Armenia: New PM Appointed
Armenia appears to be settling down to a time of change -- via both the appointment of a new prime minister and, now, potentially, a new influx of refugees from Syria.
On April 13, President Serzh Sargsyan named 56-year-old Parliamentary Speaker Hovik Abrahamian, as Armenia's new prime minister. He replaces Tigran Sarkisian, who resigned on April 3 for unclear reasons.
Abrahamian, a former cognac-wine-and-brandy businessman-turned-politician, told parliament during his April 14 introduction by Sargsyan that he did not have a "clear vision" yet of the makeup of his cabinet. He has 20 days to decide.
One parliamentarian from the ruling Republican Party of Armenia (RPA), however, has said that the government's goals will not change, even if the methods for attaining them do. To get a deeper line on Abrahamian, an Ararat-region villager by birth, one Armenian outlet, Epress.am, turned to leaked US embassy cables published by WikiLeaks. The assortment may not raise optimism about chances for reform under an Abrahamian cabinet.
A 2008 cable from US Ambassador Marie L. Yovanovitch described Abrahamian, a senior RPA official, as representative of "the type of Republican politician that makes up a large chunk of the parliament and of the ruling party establishment: politico-oligarchs who use political power to advance their business interests and vice versa."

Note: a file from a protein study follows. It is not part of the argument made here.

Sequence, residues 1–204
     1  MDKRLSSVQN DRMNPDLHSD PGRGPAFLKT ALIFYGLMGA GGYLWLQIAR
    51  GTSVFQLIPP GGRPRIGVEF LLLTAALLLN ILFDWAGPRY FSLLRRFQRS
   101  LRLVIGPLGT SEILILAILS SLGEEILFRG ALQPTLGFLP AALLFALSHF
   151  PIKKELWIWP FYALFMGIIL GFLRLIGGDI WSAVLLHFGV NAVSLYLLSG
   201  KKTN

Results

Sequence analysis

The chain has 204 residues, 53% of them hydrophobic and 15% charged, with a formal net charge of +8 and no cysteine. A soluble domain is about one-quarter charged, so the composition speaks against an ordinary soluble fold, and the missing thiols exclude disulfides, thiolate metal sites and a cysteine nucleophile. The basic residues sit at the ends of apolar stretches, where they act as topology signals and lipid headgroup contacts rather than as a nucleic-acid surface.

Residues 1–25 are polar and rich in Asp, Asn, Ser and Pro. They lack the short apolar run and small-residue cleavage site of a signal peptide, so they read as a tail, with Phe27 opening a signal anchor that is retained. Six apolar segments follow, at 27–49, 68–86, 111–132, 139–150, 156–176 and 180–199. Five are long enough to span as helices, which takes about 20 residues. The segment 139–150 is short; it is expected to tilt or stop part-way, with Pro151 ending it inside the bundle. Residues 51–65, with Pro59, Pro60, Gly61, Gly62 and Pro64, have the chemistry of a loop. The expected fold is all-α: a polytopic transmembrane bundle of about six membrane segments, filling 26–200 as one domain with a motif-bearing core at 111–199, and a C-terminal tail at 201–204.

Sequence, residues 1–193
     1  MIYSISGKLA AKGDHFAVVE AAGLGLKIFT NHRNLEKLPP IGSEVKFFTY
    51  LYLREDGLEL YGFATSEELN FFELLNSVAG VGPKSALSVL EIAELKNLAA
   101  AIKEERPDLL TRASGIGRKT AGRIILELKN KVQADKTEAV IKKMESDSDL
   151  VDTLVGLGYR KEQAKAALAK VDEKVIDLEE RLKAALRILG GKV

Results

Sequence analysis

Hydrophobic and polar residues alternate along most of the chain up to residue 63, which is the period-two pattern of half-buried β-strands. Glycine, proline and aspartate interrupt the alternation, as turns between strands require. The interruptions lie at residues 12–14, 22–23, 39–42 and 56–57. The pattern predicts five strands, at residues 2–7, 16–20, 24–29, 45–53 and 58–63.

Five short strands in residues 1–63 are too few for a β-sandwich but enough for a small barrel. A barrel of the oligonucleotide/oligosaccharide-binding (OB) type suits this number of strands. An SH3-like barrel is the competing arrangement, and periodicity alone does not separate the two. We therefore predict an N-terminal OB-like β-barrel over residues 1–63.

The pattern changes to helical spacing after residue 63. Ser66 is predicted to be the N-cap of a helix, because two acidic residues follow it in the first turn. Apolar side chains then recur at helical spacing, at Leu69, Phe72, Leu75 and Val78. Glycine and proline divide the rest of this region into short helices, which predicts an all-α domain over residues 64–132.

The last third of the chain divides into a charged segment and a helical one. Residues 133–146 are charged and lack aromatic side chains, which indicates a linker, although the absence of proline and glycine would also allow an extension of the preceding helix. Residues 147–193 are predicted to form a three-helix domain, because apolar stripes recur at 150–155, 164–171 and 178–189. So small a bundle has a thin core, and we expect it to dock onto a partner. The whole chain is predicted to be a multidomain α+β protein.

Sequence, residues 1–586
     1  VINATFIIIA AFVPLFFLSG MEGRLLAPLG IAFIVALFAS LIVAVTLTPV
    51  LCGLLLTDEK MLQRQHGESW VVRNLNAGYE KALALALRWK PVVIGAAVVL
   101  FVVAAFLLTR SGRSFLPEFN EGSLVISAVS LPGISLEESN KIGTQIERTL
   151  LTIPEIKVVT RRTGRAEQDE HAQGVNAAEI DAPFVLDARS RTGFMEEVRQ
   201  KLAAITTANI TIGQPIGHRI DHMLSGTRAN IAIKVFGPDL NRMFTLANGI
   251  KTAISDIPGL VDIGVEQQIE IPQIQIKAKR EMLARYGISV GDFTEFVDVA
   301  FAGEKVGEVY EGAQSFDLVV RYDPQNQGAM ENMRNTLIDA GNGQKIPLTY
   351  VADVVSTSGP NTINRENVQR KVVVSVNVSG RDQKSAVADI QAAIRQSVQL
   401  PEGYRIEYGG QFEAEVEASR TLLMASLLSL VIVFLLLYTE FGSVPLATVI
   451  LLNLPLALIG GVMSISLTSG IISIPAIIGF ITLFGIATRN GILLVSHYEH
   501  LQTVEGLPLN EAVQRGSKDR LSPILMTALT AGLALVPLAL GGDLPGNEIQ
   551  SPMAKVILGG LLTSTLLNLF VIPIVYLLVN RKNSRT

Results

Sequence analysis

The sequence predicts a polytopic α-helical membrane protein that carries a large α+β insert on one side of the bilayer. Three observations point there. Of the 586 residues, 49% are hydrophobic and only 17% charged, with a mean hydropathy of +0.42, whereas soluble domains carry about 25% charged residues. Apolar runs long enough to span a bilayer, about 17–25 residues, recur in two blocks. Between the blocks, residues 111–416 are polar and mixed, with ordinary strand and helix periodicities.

A cable from US Chargé d'Affaires Joseph Pennington that same year noted, though, that, despite his image to outsiders as "a crass nouveau riche," the parliamentary speaker had the reputation of a can-do politician, and effective deal-maker. He predicted that Abrahamian, a hard-nosed operator, could become prime minister and president. ". . . [H]e should not be underestimated," Pennington wrote, according to WikiLeaks.
That may be good news to ethnic Armenians from the embattled Syrian town of Kessab who may be increasingly looking to Armenia now to take them in. Two have arrived since late March.
Abrahamian as parliamentary speaker took an active interest in Kesab's fortunes, and had called for parliament to hold discussions on Armenia's response. (He ruled out any attempt at intervention by Armenia in the war itself.)
Cash-strapped Armenia, already building a New Aleppo, has struggled to provide housing and aid for its Syrian Diaspora, descendants of survivors of Ottoman Turkey's World-War-I-era massacres of ethnic Armenians, and is looking at fresh challenges as the war rages through Armenian-populated areas. More refugees are expected, Diaspora officials say.
Giorgi Lomsadze is a journalist based in Tbilisi, and author of Tamada Tales.
Sign up for Eurasianet's free weekly newsletter.